NHL owners give Bettman go-ahead for lockout

NHL commissioner Gary Bettman speaks to the media in New York, N.Y., Sept. 13, 2012. (CARLO...

NHL commissioner Gary Bettman speaks to the media in New York, N.Y., Sept. 13, 2012. (CARLO ALLEGRI/Reuters)

BRUCE GARRIOCH, QMI Agency

, Last Updated: 9:03 PM ET

NEW YORK - Saturday will be Lockout Night in Canada.

Commissioner Gary Bettman, after meeting with the NHL board of governors for two hours, confirmed Thursday the league would shut its doors Saturday at 11:59 p.m. if no agreement has been reached on a collective bargaining agreement.

Speaking at a packed a news conference, Bettman said he had unanimous support to lock out members of the NHL Players' Association for the third time in 18 years when the current CBA expires, a decision that doesn't come as a surprise to the players.

"He loves his lockouts," Minnesota Wild winger Zach Parise said as the NHLPA wrapped up its two-day meetings at a Manhattan hotel. "There doesn't have to be (a lockout). We can keep playing and we're more than willing to keep playing under the old system. They're not willing to do that.

"We want things to be fair. That's the bottom line. What they're saying is not fair. They've been preaching the (lockout) for a while. I feel that's their negotiating tactic. Now, we're getting close to that day and they keep saying it. Maybe it's part of their strategy."

Bettman, wearing a dark suit, said he doesn't want a work stoppage.

"Listen, nobody wants to make a deal and play hockey more than I do," Bettman said when asked for his message to fans. "This is what I do. This is what my life is about in terms of how I spend most of my waking hours.

"This is really hard. And so you only get involved in this situation when you understand what the issues are and you know you're doing the right thing for the long-term stability of our game and our sport. This is very hard and I feel terrible about it."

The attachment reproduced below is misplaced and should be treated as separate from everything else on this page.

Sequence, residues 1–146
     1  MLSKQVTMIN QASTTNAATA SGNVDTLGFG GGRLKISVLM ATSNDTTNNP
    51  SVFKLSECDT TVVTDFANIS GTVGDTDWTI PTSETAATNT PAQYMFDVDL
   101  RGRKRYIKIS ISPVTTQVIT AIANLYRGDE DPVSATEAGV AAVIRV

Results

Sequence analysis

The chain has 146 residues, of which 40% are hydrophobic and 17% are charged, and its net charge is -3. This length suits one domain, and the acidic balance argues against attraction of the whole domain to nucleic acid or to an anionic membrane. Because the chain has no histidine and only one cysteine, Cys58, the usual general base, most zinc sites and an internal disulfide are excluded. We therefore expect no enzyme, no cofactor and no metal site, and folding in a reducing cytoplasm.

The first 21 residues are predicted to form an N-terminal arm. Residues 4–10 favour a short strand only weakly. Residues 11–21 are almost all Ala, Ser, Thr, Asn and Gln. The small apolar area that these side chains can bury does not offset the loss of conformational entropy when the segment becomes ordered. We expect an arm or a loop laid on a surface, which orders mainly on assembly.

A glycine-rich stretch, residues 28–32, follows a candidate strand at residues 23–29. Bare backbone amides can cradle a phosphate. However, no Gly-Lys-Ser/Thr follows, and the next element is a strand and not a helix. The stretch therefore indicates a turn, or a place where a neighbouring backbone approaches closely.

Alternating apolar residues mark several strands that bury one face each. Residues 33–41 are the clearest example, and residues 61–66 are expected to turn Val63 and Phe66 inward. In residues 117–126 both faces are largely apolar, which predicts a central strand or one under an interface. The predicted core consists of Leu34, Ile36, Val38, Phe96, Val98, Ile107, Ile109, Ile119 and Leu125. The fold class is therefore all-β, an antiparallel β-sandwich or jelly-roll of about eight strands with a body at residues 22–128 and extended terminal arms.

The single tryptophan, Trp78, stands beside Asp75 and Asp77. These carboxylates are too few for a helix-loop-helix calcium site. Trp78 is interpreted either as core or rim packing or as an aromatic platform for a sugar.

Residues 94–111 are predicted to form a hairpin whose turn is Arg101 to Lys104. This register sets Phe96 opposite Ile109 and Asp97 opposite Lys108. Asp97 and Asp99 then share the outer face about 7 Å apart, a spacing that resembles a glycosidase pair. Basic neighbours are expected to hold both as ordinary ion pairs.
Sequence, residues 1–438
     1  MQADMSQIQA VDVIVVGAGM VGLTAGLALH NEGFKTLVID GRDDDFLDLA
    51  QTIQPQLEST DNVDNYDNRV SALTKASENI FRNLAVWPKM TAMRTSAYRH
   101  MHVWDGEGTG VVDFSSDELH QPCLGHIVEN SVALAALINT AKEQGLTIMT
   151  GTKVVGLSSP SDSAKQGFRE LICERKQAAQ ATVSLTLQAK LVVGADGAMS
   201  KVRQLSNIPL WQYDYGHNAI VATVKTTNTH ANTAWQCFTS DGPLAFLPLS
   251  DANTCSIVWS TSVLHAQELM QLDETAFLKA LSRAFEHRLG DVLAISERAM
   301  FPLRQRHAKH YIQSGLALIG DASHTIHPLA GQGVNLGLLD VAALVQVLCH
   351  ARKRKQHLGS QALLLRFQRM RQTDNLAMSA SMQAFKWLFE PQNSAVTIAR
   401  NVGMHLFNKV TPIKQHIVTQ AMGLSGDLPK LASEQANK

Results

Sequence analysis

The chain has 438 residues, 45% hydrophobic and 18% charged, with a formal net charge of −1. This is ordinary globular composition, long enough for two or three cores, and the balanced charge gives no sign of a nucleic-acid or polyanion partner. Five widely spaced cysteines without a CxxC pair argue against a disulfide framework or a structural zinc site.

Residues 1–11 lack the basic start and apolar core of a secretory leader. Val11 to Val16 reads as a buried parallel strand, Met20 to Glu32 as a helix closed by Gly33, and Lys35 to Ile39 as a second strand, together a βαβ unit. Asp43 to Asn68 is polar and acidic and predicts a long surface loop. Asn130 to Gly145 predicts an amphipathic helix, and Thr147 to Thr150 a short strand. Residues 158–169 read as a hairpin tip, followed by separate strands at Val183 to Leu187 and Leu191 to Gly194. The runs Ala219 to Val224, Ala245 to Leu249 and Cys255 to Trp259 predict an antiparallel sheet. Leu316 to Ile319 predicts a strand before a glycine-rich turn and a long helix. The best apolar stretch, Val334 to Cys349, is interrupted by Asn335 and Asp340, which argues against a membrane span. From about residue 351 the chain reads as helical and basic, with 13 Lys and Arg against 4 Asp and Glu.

Unfortunately, Bettman doesn't feel terrible enough to back off on his decision to close up shop. The sides exchanged proposals Wednesday, but neither has budged off its original position which means there isn't much common ground.

"We're trying to make the league healthy and make the pie bigger," said Anaheim's George Parros, a member of the NHLPA bargaining committee. "We're trying to make a deal that is best for both parties.

"Right now, they don't want to seem to do that. We're going in different directions, but we'll just see what happens. Your guess is as good as mine as to what might happen. There has got to be common ground somewhere and we want to find it. We obviously need to do that as quickly as possible."

The players believe the latest offer is a "money grab" that will roll back salaries. The NHLPA took a 24% pay cut on all existing contracts after the lockout in 2004-05 and doesn't want to give back more cash.

"The perception we have sometimes is that all they're interested in is talking about salary reductions," union boss Donald Fehr said, claiming the players want a "shared sacrifice" from both sides.

As the clock ticks down with no talks planned, Bettman accused the NHLPA of dragging its feet. He claimed Fehr and the players were holding out hope the existing CBA might get extended.

"Looking back in hindsight it looks like there was no urgency on the part of players to get anything done," Bettman said.

Bettman said he and deputy commissioner Bill Daly spent last weekend waiting for calls from the union that "never came."

"If you're dedicated to the negotiating process, you can move this along quickly," Bettman said. "If, for whatever reason, you're not interested in making a deal, you drag it out."

Bettman said there must be a correction in the business side of the system before hockey is played again.

"The fact of the matter is we believe as a league, we are paying out too much money," Bettman said.

The buck will stop at Bettman's office Saturday night.

bruce.garrioch@sunmedia.ca

Twitter: @sungarrioch


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